Blue Like Jazz Chapter 4 – Shifts: Find a Penny
Like last week, this chapter did not have as many points that really stood out to me, but don’t worry, we’ll get to those chapters that will either make for EXTREMELY long posts, or they’ll have to be TWO posts…HA!
This is the first chapter where Mr. Miller introduces Reed College. Honestly, I’d never heard of the school before this book, but after reading the book, I am REALLY interested in it. It sounds like a place that would really captivate my sense wonder. I can say this because throughout the remainder of the book, Miller refers to experiences he had at Reed or with individuals associated with Reed, painting quite the picture of the place for the reader. The first point from this chapter that I found much appreciation for does just that…
I was challenged by the students at Reed because they were on the front lines of so many battles for human rights. Some of them were fighting just to fight, but most of them weren’t; most of them cared deeply about peace. Interacting with these guys showed me how shallow and self-centered my Christian faith had become. Many of the students hated the very idea of God, and yet they cared about people more than I did.
I truly appreciate the last sentence of that paragraph.
Having grown up in the church, I can admit to being one who grew up believing church people were the “good” people. Those not in the church were not as caring. They were not as “good.”
I believe many times those in the church still fall victim to this way of thinking. It’s easy to think that people who are not “Godly people” or people who are not church-goers are not caring, “good” people. It’s easy to believe that the ability to truly love people, or life in general, is only an ability obtained through loving God first.
I think Miller’s point here is one that I so desperately want to get across to people. I think it is important to understand that a person does not have to go to church to be a “good” person. A person does not have to be a “Godly person” to love people and care about them. There really are “good” people out there that don’t claim a religion or even believe in a God.
I make every effort to love people to the best of my ability. And if you really do have to be a church going, Godly individual to be a “good” person and to truly care for and love people, then I want to be the exception to the rule.
…we talked about God. The thing I loved about Nadine was that I never felt like she was selling anything…some Christians…felt like the had to sell God, as if He were soap or a vacuum cleaner, and it’s like they really weren’t listening to me; they didn’t care, they just wanted me to buy their product.
This is SOO true. So often I find myself being bombarded by individuals trying to sell their faith and beliefs on me. Why is this? Why do so many individuals come off as selling their religion versus encouraging it or simply endorsing it?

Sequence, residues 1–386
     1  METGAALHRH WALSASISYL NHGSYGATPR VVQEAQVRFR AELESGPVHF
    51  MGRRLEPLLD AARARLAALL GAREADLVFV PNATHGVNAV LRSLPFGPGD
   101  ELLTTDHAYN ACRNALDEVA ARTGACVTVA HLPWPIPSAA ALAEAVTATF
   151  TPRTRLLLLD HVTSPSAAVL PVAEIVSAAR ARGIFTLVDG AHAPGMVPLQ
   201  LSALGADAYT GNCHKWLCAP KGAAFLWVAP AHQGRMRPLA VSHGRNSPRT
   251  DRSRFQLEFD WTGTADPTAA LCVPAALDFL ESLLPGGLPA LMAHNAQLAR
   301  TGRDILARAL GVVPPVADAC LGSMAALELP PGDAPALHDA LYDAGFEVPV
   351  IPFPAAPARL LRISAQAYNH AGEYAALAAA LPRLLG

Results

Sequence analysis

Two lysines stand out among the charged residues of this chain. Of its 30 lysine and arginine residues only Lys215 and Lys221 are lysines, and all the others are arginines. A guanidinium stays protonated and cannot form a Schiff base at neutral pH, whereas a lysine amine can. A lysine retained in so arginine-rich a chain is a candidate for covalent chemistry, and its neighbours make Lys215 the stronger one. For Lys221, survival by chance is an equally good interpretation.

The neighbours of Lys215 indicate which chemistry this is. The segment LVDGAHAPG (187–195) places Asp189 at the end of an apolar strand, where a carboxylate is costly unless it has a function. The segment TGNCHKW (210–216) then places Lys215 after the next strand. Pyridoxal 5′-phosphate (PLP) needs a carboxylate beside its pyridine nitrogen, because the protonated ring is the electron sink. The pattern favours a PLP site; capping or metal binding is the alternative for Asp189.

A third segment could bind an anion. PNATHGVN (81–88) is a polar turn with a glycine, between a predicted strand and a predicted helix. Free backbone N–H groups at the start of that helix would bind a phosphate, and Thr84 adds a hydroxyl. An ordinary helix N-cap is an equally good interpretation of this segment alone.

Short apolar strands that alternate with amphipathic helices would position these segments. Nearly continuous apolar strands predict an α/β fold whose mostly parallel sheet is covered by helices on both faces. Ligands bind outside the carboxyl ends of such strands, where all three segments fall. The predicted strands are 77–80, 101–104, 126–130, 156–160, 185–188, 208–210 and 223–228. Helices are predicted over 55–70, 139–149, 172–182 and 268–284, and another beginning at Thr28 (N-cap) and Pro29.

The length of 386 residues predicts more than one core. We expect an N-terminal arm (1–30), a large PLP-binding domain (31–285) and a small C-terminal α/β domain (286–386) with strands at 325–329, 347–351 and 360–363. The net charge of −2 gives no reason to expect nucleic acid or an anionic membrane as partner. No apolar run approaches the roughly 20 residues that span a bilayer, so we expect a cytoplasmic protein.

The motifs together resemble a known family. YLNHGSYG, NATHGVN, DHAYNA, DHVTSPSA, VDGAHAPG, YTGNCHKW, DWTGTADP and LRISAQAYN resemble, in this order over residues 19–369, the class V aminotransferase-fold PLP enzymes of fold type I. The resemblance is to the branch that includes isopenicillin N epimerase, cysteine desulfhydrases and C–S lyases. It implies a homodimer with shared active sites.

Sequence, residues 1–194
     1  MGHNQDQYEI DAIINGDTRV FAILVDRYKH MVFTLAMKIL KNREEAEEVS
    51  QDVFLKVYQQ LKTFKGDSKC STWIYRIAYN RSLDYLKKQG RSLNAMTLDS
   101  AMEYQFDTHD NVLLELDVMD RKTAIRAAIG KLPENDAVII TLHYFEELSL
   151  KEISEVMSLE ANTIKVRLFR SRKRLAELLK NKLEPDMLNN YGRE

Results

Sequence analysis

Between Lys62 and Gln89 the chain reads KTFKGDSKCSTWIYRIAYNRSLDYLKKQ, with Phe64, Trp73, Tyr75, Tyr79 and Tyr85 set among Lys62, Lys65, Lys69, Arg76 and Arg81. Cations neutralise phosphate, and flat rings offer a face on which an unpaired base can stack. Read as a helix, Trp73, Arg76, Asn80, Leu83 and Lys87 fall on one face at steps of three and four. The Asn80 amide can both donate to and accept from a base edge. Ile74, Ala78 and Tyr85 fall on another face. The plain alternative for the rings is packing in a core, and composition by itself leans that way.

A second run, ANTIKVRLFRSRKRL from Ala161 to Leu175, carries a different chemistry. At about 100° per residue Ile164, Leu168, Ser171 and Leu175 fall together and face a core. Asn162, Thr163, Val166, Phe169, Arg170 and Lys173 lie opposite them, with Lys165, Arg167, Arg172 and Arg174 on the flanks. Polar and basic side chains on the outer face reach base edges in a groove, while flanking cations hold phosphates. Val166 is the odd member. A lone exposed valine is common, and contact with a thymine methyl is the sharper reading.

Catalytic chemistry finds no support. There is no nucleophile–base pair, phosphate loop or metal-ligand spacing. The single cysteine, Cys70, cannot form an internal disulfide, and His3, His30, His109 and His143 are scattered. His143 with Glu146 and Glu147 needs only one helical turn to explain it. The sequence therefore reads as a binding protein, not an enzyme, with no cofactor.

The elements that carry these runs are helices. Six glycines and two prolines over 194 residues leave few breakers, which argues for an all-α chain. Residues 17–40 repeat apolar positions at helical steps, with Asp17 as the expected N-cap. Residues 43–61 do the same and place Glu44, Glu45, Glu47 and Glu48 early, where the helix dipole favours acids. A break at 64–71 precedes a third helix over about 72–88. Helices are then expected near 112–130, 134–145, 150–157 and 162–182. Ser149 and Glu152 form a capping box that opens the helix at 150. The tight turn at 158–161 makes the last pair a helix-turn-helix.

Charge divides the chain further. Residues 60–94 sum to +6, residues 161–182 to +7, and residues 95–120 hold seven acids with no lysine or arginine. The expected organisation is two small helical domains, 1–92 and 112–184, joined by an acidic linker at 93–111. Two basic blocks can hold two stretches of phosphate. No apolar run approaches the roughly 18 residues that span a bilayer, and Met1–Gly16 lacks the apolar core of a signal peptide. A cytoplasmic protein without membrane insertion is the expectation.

I am reminded of two distinct times while I was at ACU where I held discussions with individuals about religious beliefs. In both instances, I took strolls around the perimeter of the campus to discuss topics such as beliefs and going to church and praying and all sorts of matters relating to the topic. I can honestly tell you the two approaches those friends brought to our discussions were what influenced the discussion so greatly. One individual seem so pushy. So devoted to selling God to me; it was definitely uncomfortable for me. It lead to my avoidance of this individual for a matter of time.
But the other individual approached me in a totally different sense. This person came with wanting to understand me and where I stood first. This person wanted so badly to understand what I thought and why I thought it. This person intrigued me with their care and desire to understand versus wanting to tell me how it should be and sell their God to me. This person made me more interested in thinking things out and discussing the matter more often, rather than causing me to go into hiding.
Don’t get me wrong, the second person cared that I was not on the same page as they were in relation to God and Godly matters, but they wanted to understand in order to help me to “see” instead of giving it to me and telling me to hold on.
I truly believe the approach one takes with sharing their beliefs, especially religious and spiritual beliefs, is very important in determining the outcome of the situation.
[Note: All the above text in smaller italic print has been quoted directly from Donald Miller’s “Blue Like Jazz”]